March 19, 2015

How to Build Better City Websites

How does a city uniformly support, inform and empower residents? The solution starts with a city’s website.

Depending on the city, the focus might start with residents’ most requested services. Or it might be job opportunities or recent policy changes. Unfortunately, the user experience can be inconsistent from one city to another. There isn’t a Best Practice guideline to follow.

The Local Digital Services Census is tackling the issue. Created by the Code for America Tech Team, the census surveys the quality and usability of the 10 most-searched for city services. Anyone can help with the census by following a simple rubric that “scores” a city. At the moment, 36 cities are on the census, with 237 services assessed.

I was introduced to the census while attending the fourth annual CodeAcross. The international event was a productive weekend of civic hacking. I joined a team that took part in reviewing San Francisco, CA. We looked at metrics that walked through navigation, search, and accessibility. We became our users and navigated the city’s website. Our to-do list? Cross checking tasks that answer questions like:

  • Does the site come up in the first page of results on an internet search?
  • Is the webpage with service or information mobile friendly?
  • Is the service available in the major languages used in your city

San Francisco came in at number 7, tied with Sacramento, CA and Newport News, VA. Palo Alto, CA gets a near perfect score. Scores are displayed in a table that fluctuates as new ratings are submitted. By seeing an overview of all 36 cities, emergent patterns appear. For example, most cities do an excellent job at contacting officials. Yet, most cities could improve channels to filing public safety reports.

Many hands lighten the heavy load

Why should we care? I’m reminded of a Haitian proverb, “many hands lighten the heavy load”. Inherent in municipalities are understaffed resources; to conduct a thorough census of a city website can be a Herculean task. When we all take a few moments, it adds up. By participating in the census, we are investing in our city: assessing services and creating more transparency around what’s working well and what can improve.

What does this look like in practice? GOV.UK is an example of simplicity and uniformity in displaying online government information. It doesn’t matter if you’re a resident of London or Lancashire, users get the same experience when going online. Created by the Government Digital Service, GOV.UK  “provides a single point of access to HM Government services”. The website will replace hundreds of individual government websites and migrate them into a unifying experience by 2014. The redesign has garnered much praise and has won notable design awards.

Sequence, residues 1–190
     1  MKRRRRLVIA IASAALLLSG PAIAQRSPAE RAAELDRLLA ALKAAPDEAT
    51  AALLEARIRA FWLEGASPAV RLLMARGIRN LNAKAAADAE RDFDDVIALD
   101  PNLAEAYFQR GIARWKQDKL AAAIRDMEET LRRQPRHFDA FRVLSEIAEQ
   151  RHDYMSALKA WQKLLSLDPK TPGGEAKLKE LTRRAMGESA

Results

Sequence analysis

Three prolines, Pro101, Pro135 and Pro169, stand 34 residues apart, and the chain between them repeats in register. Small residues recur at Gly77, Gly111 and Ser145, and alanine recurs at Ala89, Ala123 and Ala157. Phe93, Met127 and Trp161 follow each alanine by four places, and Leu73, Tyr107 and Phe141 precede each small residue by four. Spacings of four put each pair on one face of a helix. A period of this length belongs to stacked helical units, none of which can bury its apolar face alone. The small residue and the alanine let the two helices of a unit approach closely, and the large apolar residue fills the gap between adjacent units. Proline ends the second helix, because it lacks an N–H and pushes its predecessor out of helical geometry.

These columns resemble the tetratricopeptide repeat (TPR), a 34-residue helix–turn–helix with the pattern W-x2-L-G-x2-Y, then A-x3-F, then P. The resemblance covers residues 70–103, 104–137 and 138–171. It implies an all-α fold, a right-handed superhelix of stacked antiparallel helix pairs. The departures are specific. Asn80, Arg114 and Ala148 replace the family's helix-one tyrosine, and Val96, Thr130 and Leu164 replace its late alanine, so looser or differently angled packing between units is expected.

At Exygy, we take pride in  working with cities on projects that benefit residents

At Exygy, we take pride in  working with cities on projects that benefit residents and cut bureaucracy. Starting with San Francisco’s inaugural Open Data legislation, Exygy built a showcase highlighting  entrepreneurial open data apps.

The Smart PDF project streamlined workflow for submitting digital forms that helped many agencies. HR Forum enabled the Department of Human Resources to align around a central platform that highlighted  training resources, documents , videos, and classes. Exygy has been a proponent of community wifi, setting up wireless links to bridge the digital divide.

Want to learn more about how Exygy might help your city with their online presence? Drop us a line and say hi. Wonder how your city ranks in the census? Want to take part in helping local government websites improve? Help contribute to the Local Digital Services Census

Written by Wendy Fong

What’s a Rich Text element?

H1 example

H3 example

The rich text element allows you to create and format headings, paragraphs, blockquotes, images, and video all in one place instead of having to add and format them individually. Just double-click and easily create content.

Static and dynamic content editing

A rich text element can be used with static or dynamic content. For static content, just drop it into any page and begin editing. For dynamic content, add a rich text field to any collection and then connect a rich text element to that field in the settings panel. Voila!

How to customize formatting for each rich text

Headings, paragraphs, blockquotes, figures, images, and figure captions can all be styled after a class is added to the rich text element using the "When inside of" nested selector system.

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